The core also houses internal organs and many people will find the bulging stomach is actually a loss of core function and the internal organs are able to cause the stomach to protrude outwards. The dream of having a flat stomach is sometimes less about weight loss and more about improving the function of these crucial muscles, such as the internal and external obliques, transverse abdominals, diaphragm and others. This loss of core function has also been shown to negatively impact the digestive system, often leading it to become sluggish and dysfunctional.
I will go more into core function, exercise selection and breathing to improve core function in my up-coming book.
“To do nothing is sometimes a good remedy”
Two common things I see in clinic are over-exercising when the body needs more rest or the recovery potential is poor, as well as under-exercising when there is a need to move more and capacity to do so.
Getting the balance right can sometimes be a challenge, because we need to react to internal and external cues for what is right for the body in that moment.
Many people use exercise as a coping strategy for psychological stress. Exercise often has the ability to help us clear our mind, press the reset button if you like, almost like a meditative act. For that reason, exercise in itself can become an addictive tool to use to cope with stress, much the same way another person might use alcohol or drugs.
Exercise is certainly a good thing, but exercise can only be as good as your ability to recover from it as it is still a stressor. Therefore, it is crucial that we have awareness of our body, how we are feeling and whether the exercise we are doing is appropriate for our physical demands.
An exercise I do sometimes with clients is we look at plotting the exercise they currently do on a continuum from working out (most physically demanding) through to working in (least physically demanding). So, for example some of the most physically demanding training might be CrossFit, long distance running, strength training etc, whilst the least might be walking, yin yoga, a gentle swim etc.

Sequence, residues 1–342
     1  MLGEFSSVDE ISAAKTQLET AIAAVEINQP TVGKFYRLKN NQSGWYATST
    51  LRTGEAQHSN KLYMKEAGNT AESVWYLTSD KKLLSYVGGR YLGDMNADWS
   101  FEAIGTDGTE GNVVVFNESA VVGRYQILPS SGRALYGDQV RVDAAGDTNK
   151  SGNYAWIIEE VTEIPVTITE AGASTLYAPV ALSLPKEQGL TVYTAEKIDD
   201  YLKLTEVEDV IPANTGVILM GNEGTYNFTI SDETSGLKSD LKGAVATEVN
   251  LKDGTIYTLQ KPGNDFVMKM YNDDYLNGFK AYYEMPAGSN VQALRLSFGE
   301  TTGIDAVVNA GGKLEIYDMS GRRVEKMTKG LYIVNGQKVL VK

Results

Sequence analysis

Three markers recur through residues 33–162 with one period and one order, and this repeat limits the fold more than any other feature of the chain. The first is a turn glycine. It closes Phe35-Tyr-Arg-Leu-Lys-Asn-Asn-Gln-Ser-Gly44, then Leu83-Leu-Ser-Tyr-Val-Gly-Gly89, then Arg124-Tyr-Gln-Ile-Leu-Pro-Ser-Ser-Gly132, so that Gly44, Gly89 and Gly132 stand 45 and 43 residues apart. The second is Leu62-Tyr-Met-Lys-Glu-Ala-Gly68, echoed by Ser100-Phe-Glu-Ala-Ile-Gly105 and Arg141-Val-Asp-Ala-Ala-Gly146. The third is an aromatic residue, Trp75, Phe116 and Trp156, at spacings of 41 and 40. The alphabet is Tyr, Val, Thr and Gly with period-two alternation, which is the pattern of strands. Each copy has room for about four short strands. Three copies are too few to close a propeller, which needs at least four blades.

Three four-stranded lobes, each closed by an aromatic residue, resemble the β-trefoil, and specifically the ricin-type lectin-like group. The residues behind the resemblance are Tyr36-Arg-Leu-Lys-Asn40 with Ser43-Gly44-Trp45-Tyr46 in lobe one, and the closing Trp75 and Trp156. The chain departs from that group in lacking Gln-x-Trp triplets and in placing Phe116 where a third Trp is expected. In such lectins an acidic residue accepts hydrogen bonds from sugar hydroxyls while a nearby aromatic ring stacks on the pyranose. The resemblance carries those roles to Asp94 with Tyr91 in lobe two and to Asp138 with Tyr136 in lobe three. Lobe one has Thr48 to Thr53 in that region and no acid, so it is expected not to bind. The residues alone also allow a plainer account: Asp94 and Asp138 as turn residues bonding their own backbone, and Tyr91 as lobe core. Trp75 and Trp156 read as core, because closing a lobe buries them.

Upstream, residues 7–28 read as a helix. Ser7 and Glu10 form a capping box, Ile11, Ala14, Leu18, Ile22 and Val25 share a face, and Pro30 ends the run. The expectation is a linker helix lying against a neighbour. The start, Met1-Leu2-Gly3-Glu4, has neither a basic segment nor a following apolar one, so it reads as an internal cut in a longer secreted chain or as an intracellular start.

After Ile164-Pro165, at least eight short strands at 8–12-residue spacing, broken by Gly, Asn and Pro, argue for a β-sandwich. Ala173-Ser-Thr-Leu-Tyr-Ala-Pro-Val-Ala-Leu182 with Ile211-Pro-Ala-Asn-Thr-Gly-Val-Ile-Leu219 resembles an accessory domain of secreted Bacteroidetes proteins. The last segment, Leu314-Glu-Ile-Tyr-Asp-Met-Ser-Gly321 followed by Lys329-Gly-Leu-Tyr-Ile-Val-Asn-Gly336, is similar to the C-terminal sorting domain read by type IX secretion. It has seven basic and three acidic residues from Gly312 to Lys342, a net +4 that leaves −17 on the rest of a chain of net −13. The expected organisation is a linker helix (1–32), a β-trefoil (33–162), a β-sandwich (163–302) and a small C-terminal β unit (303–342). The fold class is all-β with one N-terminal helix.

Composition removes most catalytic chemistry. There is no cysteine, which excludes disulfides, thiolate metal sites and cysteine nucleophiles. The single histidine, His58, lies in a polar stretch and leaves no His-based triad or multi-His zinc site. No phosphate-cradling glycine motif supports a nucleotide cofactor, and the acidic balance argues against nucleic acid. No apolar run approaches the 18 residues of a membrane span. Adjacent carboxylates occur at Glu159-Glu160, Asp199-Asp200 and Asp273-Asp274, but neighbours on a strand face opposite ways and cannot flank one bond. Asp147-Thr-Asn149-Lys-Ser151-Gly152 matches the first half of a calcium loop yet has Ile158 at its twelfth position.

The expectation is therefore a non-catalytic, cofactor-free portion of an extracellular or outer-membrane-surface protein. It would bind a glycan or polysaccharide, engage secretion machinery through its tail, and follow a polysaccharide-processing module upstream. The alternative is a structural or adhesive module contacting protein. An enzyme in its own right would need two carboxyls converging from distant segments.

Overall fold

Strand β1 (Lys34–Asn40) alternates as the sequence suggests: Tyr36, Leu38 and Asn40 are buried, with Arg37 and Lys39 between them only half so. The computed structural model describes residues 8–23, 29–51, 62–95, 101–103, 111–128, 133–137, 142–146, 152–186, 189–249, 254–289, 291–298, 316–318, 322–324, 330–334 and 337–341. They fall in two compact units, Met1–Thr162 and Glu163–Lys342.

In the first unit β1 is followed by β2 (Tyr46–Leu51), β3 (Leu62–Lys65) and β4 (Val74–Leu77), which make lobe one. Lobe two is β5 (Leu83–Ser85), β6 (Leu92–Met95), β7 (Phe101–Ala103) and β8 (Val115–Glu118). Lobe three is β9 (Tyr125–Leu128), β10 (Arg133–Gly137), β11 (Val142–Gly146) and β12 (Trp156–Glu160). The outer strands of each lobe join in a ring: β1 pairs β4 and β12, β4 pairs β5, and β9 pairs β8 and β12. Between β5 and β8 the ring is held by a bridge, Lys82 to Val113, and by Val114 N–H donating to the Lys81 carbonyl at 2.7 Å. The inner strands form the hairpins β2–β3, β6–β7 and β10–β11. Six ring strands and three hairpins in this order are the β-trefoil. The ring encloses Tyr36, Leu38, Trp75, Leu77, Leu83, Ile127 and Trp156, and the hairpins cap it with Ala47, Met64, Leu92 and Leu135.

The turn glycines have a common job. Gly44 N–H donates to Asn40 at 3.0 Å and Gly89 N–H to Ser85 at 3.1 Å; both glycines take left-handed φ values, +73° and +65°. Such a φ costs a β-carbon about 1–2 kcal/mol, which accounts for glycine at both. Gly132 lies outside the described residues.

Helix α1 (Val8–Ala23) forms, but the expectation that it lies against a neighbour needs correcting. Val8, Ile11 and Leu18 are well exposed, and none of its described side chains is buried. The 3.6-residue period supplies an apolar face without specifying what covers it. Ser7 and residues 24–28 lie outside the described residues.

We then look at a lifestyle continuum. These are factors in their lifestyle that might impact their ability to recover. Therefore, at one end it might be lack of sleep or being jetlagged, drinking alcohol, working long days, a recent family bereavement, a lack of food or healthy food etc. At the other end it might be healthy food, adequate water, a good night’s sleep, being on holiday etc.
The goal is to bring awareness to supporting hard training with appropriate recovery methods and also to know when to take the foot off the gas because recovery might not be there and choose forms of exercise that may enhance recovery instead.
The unfortunate truth is that we often find ourselves using high stress exercises to help cope with a high stress environment and lifestyle. Exercise is a stressor that also requires management. In all cases, if selected appropriately, exercise can be a positive stress on the body, the trick is to ensure recovery is able to match the stressor.
“Rowing Harder doesn’t help if the boat is headed in the wrong direction”
Kenichi Ohmae – Japanese Professor
Pick what you enjoy most
As much as there are people that can over-train, there are likely more people that struggle to get enough exercise.
Not all forms of exercise will be enjoyable to you. The challenge with exercise that is not enjoyable is that it is often not sustainable. I would always recommend starting with exercise that you enjoy the most and working from there. Of course, there is also a need to be aware of what type of exercise your body needs most, based upon your current state or health and your health goals, but starting with enjoyment and making exercise part of your schedule should be the first step for most.
My wife and I enjoy very different forms of exercise. Fay enjoys class-based exercises, dancing and performing, whereas I prefer being outside on my bike with just nature around me, I find it almost meditative and helpful in organising and guiding my thoughts and I also like competitive sports. There is no right or wrong when it comes to what exercise you enjoy the most, we are all unique and therefore our exercise programs can also be unique as well.
Yet for both of us having relatively sedentary jobs we both incorporate walking into our schedule, often with our dog as well as certain corrective exercises to help with any posture and core strength because of the impact of mostly desk bound jobs.
I hope you have found this content useful. If you feel that you could benefit from additional support in this area, don’t hesitate to get in touch using the enquiry form below.